The Ornish Diet: Low-Fat Living is Making a Comeback

Published on 03/15/2020

With carb cutting being all the rage in the dieting world right now it’s easy to forget that fat is often the unsung culprit behind not only weight gain but also serious heart conditions. Many heart diseases and underlying health problems are the direct result of an unhealthy fat consumption.

For this very reason, low-fat, high-fiber diets like the Ornish Diet are making a comeback and leading to some pretty impressive results. The Ornish Diet specifically has been named one of the top 10 best diets of 2019 and has even been shown to help people with severe heart diseases reverse symptoms and live a healthier and happier life.

Keep reading to find out just what makes the Ornish Diet so effective.

So, what is the Ornish Diet?

Named after its creator, Dr. Dean Ornish, this diet is all about minimizing fat and animal protein consumption and bulking up on veggies, fruits, and whole grains. Ultimately, the goal is to limit fat consumption to no more than 10% of your calorie intake.

A Lifestyle Change


The Ornish Diet is not just about dietary guidelines. It’s also a lifestyle change. The diet plan encourages activities that help calm the nerves and keep the body healthy and happy. These activities can include meditation, yoga, and breathing exercises.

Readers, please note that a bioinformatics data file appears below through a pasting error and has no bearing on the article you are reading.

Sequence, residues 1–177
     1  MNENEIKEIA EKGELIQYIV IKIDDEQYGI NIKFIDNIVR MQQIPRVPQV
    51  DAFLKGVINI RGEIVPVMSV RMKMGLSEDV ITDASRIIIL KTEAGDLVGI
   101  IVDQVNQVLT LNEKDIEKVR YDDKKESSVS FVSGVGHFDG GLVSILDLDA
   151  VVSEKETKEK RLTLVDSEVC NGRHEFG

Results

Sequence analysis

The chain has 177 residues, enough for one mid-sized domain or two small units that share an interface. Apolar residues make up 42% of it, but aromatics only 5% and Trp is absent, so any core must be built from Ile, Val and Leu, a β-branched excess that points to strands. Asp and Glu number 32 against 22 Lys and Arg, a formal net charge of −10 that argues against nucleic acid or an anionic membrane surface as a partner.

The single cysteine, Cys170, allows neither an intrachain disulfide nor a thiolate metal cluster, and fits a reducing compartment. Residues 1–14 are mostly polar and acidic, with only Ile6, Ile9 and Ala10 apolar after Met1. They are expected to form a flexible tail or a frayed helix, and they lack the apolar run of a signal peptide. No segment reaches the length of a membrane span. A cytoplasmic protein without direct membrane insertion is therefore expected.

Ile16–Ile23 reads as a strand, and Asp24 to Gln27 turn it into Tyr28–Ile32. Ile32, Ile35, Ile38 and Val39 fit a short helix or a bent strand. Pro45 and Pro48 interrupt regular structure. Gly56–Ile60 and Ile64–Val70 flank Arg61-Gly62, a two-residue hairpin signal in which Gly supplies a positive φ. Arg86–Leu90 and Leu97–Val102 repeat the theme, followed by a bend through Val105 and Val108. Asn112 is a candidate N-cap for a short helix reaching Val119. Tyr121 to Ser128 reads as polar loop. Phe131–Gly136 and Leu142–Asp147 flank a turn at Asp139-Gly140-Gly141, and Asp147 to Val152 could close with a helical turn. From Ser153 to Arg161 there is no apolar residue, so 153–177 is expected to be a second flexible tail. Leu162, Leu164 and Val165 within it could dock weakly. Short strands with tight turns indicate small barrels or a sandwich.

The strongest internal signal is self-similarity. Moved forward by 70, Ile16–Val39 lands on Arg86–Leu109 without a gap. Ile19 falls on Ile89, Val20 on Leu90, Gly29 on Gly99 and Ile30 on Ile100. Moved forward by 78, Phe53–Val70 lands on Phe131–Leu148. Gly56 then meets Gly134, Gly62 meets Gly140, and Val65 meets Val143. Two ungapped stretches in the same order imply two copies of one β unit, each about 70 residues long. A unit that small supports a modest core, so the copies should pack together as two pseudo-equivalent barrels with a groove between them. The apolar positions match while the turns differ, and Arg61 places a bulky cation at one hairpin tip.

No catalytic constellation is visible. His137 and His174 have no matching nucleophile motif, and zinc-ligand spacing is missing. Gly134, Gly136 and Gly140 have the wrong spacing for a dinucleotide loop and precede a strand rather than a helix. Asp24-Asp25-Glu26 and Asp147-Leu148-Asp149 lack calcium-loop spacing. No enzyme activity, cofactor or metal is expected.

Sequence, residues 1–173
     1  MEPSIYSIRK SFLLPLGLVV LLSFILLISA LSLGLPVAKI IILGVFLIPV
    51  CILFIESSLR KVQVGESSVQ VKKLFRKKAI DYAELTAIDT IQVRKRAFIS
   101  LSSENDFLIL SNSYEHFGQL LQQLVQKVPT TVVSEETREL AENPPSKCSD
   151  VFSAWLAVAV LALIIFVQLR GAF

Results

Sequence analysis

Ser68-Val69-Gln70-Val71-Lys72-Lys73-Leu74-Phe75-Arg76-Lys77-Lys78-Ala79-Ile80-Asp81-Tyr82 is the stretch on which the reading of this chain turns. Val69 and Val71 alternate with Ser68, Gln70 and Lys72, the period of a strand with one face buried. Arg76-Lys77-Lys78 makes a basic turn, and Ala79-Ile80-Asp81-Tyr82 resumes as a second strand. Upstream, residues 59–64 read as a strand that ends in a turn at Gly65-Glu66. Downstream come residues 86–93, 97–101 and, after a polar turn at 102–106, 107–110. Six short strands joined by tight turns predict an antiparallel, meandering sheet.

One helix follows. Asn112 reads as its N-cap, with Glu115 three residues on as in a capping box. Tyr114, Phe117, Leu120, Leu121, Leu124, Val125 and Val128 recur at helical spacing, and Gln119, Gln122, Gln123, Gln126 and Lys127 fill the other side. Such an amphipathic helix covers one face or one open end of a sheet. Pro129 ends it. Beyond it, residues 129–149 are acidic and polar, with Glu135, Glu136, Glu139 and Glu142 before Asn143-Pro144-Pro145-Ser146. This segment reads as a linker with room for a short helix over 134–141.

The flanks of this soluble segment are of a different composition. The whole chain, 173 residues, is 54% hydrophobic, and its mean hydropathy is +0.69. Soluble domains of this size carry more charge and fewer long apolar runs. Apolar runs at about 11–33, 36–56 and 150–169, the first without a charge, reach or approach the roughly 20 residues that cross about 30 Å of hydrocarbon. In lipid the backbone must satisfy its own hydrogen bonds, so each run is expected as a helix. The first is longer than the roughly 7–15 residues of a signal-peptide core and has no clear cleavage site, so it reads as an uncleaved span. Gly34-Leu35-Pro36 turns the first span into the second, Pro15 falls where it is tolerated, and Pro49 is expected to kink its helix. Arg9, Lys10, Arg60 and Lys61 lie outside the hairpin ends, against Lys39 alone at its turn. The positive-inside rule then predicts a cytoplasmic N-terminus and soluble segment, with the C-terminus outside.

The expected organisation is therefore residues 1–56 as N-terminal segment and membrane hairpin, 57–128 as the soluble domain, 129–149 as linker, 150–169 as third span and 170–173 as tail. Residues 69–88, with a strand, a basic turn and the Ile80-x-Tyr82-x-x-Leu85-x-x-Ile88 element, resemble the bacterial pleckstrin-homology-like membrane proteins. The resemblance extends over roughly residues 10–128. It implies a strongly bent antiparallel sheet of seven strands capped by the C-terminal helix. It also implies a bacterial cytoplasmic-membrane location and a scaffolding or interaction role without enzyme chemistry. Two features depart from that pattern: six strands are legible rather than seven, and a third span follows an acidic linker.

Stopping and Reversing Heart Disease

The Ornish Diet has been praised for its abilities not only to stop heart disease in its tracks, but also to reverse it altogether. Many heart problems come from lack of attention to basic healthy living as well as unaddressed mental stress. The beauty of the Ornish Diet is that it forces individuals to address both problems by addressing the issues first-hand with simple, easy-to-follow guidelines.

Final Thoughts: Less about Restricting, More about Minimizing

What makes the Ornish Diet so effective? It’s not about its demands, it’s about its suggestions. The Ornish Diet helps you change your mindset, rather than your waistline. This leads to losing weight in the long term, not in the short term. And in the end, that’s what matters.

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